There are currently very little studies evaluating the feasibility and cost of telepsychiatry. Although one of the RCTs included in this study reported lower costs in the control group [15], other existing studies have reported the opposite. We hypothesize that telepsychiatry is a cost-effective method of treatment only in resource-constrained environments. More RCTs evaluating the efficacy and feasibility of telepsychiatry in resource-constrained environments and otherwise are needed to comprehensively and accurately evaluate the effectiveness of telepsychiatry programs implemented in Syrian refugee camps. These studies should measure patient and professional satisfaction, as well as standard patient outcomes, along with the quality of care, accessibility to treatment, and cost. 


Although there is currently insufficient evidence to reasonably determine the effectiveness of telepsychiatry, countries that contain a high number of resource-constrained settings, such as Syrian refugee camps (including Lebanon, Jordan, and Turkey), are encouraged to develop telepsychiatry programs and appropriate evaluation strategies, in addition to supporting research to increase the amount of existing literature and evidence regarding the effectiveness of telepsychiatry. We strongly believe that telepsychiatric treatment is equally as effective as FTF treatment in the majority of contexts and is particularly useful in environments where FTF therapy is not an option. The implementation of telepsychiatry into Syrian refugee camps will almost certainly improve the quality and amount of mental health treatment provided to refugees. Large-scale implementation of video conferencing technology will not only ease the economic burden on neighboring countries in the long-term but will provide millions of refugees with access to adequate mental health treatment who otherwise would not receive it. One of the major obstacles preventing refugees from receiving treatment is the lack of Arabic-speaking mental health professionals in the region due to a small number of programs producing certified specialists, in addition to the lack of incentives provided to specialists who choose to work in refugee camps. Implementing video conferencing technology would certainly provide refugees with access to Arabic-speaking mental health professionals, and while the full potential of telepsychiatry would take several years after implementation to be realized, there are many potential benefits which can be realized in the short-term.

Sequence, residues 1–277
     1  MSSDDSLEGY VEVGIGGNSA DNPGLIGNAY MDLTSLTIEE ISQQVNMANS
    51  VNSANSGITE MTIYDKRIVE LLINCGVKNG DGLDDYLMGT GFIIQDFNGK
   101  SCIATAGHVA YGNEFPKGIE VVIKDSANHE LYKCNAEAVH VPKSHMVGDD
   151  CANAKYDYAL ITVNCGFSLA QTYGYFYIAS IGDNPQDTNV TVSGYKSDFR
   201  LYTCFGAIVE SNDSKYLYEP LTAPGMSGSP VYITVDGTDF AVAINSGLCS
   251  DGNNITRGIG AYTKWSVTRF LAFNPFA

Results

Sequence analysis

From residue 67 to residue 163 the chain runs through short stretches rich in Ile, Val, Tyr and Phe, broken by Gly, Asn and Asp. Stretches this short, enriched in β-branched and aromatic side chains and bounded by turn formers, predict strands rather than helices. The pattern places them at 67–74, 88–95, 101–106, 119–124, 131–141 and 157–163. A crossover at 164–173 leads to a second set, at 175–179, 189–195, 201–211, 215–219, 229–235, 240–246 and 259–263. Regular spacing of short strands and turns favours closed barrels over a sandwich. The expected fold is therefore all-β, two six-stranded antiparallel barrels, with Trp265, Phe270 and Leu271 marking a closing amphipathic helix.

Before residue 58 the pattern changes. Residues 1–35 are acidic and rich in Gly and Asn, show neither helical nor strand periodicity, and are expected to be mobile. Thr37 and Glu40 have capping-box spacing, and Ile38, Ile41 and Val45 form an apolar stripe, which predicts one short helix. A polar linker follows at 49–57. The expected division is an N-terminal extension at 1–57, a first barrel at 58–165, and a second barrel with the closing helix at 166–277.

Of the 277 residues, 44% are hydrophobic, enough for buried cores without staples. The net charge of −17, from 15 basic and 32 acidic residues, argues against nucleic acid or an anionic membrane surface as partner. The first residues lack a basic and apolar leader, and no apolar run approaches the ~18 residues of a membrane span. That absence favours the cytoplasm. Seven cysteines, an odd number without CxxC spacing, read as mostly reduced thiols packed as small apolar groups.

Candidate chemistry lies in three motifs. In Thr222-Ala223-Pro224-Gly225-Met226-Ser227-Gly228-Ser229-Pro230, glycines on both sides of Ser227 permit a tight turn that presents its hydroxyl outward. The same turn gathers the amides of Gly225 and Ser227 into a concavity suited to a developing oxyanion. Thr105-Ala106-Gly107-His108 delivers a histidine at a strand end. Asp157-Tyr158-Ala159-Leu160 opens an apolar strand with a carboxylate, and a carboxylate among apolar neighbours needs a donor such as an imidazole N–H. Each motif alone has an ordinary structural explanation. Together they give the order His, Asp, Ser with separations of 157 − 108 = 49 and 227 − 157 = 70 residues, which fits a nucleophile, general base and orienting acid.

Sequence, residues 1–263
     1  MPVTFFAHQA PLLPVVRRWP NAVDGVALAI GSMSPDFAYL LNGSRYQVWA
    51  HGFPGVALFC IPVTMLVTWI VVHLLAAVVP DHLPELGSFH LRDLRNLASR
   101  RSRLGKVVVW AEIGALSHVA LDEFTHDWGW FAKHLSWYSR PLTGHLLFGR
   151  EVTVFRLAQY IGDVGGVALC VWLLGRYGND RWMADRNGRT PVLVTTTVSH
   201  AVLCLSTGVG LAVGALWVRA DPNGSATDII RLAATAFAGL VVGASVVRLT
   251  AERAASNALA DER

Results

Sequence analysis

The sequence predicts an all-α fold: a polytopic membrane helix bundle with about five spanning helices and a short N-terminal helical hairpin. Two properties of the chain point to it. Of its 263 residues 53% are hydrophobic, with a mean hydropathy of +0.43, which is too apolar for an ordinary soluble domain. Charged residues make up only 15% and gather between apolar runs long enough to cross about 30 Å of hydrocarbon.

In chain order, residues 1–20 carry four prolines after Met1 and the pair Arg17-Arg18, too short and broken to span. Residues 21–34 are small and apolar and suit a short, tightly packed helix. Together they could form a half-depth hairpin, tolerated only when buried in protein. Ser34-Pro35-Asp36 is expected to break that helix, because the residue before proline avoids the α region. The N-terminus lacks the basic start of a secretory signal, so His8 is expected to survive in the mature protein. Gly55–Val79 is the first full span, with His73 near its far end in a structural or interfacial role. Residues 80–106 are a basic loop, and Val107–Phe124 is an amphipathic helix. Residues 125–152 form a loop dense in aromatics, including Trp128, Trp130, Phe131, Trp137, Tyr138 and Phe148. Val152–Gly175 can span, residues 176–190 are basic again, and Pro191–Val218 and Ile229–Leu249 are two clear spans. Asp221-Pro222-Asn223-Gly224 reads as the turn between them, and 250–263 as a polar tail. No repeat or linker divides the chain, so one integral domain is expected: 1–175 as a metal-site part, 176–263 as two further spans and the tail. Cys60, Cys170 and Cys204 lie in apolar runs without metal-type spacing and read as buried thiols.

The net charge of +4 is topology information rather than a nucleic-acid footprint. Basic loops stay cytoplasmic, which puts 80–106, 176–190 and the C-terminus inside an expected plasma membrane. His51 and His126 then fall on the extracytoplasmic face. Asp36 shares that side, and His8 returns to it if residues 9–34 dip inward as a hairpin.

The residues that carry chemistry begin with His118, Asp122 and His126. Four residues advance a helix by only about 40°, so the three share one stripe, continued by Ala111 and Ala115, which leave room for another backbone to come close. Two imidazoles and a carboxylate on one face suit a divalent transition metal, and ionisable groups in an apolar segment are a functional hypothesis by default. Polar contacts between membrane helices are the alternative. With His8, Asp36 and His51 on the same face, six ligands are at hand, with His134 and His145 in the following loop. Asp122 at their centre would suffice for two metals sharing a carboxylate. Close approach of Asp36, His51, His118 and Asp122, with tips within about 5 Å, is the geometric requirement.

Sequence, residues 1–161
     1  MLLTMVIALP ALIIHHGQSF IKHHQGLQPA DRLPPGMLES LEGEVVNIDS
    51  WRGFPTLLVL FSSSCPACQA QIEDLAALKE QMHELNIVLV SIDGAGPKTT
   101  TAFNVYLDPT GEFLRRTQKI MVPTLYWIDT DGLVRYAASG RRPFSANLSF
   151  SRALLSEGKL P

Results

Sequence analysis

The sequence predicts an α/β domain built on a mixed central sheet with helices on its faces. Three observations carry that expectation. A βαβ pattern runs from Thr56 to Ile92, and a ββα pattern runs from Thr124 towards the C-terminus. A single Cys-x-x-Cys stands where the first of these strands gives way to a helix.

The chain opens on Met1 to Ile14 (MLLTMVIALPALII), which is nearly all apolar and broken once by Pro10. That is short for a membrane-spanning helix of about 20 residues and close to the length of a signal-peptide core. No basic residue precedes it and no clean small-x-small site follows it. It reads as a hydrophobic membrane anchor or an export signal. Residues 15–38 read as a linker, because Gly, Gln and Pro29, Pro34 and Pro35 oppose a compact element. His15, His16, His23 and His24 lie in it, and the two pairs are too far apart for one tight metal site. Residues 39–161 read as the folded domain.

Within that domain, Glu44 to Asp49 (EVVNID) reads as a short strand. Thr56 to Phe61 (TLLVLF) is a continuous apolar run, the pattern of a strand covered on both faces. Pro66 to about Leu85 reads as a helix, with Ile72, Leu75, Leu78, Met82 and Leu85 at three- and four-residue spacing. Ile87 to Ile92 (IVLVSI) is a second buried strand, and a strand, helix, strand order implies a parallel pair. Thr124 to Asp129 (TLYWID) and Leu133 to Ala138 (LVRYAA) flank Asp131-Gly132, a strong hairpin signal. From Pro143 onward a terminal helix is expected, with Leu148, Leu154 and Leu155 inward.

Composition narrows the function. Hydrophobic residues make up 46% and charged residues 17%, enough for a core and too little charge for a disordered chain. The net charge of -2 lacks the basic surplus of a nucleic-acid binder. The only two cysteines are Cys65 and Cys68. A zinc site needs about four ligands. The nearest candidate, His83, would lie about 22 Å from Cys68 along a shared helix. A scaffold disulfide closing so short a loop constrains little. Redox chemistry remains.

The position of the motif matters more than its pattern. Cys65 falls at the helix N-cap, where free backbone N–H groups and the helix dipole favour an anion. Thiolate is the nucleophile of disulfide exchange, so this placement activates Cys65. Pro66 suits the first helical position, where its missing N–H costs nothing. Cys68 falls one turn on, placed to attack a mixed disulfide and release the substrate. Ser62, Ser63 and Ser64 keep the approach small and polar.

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Original article

Efficacy of Telepsychiatry in Refugee Populations: A Systematic Review of the Evidence

Author Information

Ahmad Hassan Corresponding Author

Department of Neuroscience, Yale University School of Medicine, New Haven, USA

Kareem Sharif

Department of Neuroscience, University of Pennsylvania School of Medicine, Philadelphia, PA, USA

Ethics Statement and Conflict of Interest Disclosures

Human subjects: All authors have confirmed that this study did not involve human participants or tissue. Animal subjects: All authors have confirmed that this study did not involve animal subjects or tissue. Conflicts of interest: In compliance with the ICMJE uniform disclosure form, all authors declare the following: Payment/services info: All authors have declared that no financial support was received from any organization for the submitted work. Financial relationships: All authors have declared that they have no financial relationships at present or within the previous three years with any organizations that might have an interest in the submitted work. Other relationships: All authors have declared that there are no other relationships or activities that could appear to have influenced the submitted work.

Original article

Efficacy of Telepsychiatry in Refugee Populations: A Systematic Review of the Evidence